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SRU chief: Scott Johnson’s role not a promotion

Scott Johnson's tenure as coach of Scotland came to an end after this year's Six Nations. Picture: Ian Rutherford

Scott Johnson's tenure as coach of Scotland came to an end after this year's Six Nations. Picture: Ian Rutherford

  • by ANDY NEWPORT
 

Scottish Rugby Union chief executive Mark Dodson insists former interim head coach Scott Johnson was not “rewarded” with a promotion after the Dark Blues’ miserable RBS 6 Nations campaign.

Australian Johnson led the national side to a series of new lows during a wretched tournament - but has now taken up duties as the SRU’s new director of rugby.

That move upstairs has astonished many pundits following a campaign that saw the Scots come within one late drop-goal against fellow strugglers Italy of five straight defeats.

That run included the 20-0 whitewash by England in front of a stunned Murrayfield crowd and a 51-3 humiliation in Cardiff against a rampant Wales team.

But Dodson has dismissed criticism of Johnson, claiming the 51-year-old bravely shouldered the responsibility of laying the groundwork for his replacement Vern Cotter, who will not take up his new role until his deal with Clermont Auvergne ends in the summer despite being appointed last May.

He said: “We need clarity on this issue. We appointed Scott to be director of rugby first. Then we got Vern Cotter as head coach. We knew we would have to wait for Vern as he wanted to finish the job he started at Clermont.

“We asked Scott to stand in during the interim. He had no ambition to do that but we asked him. He was happy to do it on one proviso, and that was to bring on Scottish players in larger numbers.

“In the period he’s been in charge, he has capped 17 new players, so we have a squad that is richer and deeper than ever.

“But as for the backlash about Scott being promoted, I’d say that he was never ‘promoted’ - he already had the job. Now he’s going back to that job to develop the plans we have got to develop the next generation of new talent, which is his specialism.

“We always knew there would be a problem with the 14-month period but Scott did what we asked him to do and he delivered what we asked him to deliver.”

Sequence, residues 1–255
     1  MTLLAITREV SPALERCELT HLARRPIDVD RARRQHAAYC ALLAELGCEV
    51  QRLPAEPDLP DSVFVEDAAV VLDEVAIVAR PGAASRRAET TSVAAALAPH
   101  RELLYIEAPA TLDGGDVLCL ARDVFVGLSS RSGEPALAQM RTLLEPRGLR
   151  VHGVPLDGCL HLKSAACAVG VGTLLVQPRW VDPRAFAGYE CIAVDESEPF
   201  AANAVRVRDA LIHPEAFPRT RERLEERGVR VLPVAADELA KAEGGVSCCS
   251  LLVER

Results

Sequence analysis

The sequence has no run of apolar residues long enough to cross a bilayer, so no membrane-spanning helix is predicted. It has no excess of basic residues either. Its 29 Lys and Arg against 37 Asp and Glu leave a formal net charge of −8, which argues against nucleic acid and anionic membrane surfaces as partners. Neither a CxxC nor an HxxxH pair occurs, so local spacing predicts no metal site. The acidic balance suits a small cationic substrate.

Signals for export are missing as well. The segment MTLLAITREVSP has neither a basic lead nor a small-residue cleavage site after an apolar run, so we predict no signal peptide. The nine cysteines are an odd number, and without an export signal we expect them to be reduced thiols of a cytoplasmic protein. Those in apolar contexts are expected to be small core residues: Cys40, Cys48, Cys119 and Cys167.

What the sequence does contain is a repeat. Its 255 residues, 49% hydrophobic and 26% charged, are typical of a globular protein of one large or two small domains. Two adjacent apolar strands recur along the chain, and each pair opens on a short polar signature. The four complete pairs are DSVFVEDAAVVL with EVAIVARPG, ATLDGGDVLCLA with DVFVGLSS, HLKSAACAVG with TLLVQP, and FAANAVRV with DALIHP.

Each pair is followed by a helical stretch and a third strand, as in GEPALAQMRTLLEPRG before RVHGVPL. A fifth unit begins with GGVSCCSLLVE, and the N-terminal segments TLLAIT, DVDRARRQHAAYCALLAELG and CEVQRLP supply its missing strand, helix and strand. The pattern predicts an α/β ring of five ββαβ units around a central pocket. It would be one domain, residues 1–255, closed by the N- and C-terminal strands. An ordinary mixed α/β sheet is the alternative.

Johnson won just five of his 16 games in charge. The Welsh hammering was the Scots’ heaviest ever defeat in the Six Nations, while their Calcutta Cup capitulation saw them fail to register a point against the Auld Enemy for first time in 36 years.

In light of those damning statistics, Dodson - who insists he never made any attempt to lure Cotter from France early - is praying the New Zealander proves worth the wait.

“Time will tell but our view is yes, he will be,” he said. “Having looked at the people available at that time, we believe Vern was the right man for us. We haven’t heard anyone say we have got it wrong.”

There was a list of former Scotland players queuing up to dish out flak to Johnson after the England debacle, while former Twickenham boss Sir Clive Woodward dubbed the Dark Blues XV that day the worst in the country’s history.

And Dodson admits the criticism was deserved.

He said: “The performance against England was what caused us problems. We did not compete against them in a Calcutta Cup match here at Murrayfield. It can’t get much worse.

“That was unacceptable to us but it was also unacceptable to the coaching team and the players.

“People have every right to vent, and the fact that they have strong feelings is a good thing because if they didn’t care, we’d really be in trouble. But we are taking those views on board and trying to change things so we don’t have that kind of performance in future.”

The SRU’s plans include setting up four regional academies and hiring more coaches to bring on the next generation of players.

Dodson insists he is also “happy to talk” to anyone willing to invest the £35million needed to run a third pro-team for five years amid rumours that Aberdeen Asset Management chief Martin Gilbert is ready to back a side for the Granite City.

But he admits big strides need to be taken and quickly.

“We have never come to terms with professionalism in Scottish rugby and that’s where the problems that still dog us come from,” he explained.

“We have to make sure we future-proof Scottish rugby so we can compete on a global scale. That means getting more people playing the game, spotting talent earlier, making sure those selected as elite players have the right competitive environment to play in.”

 

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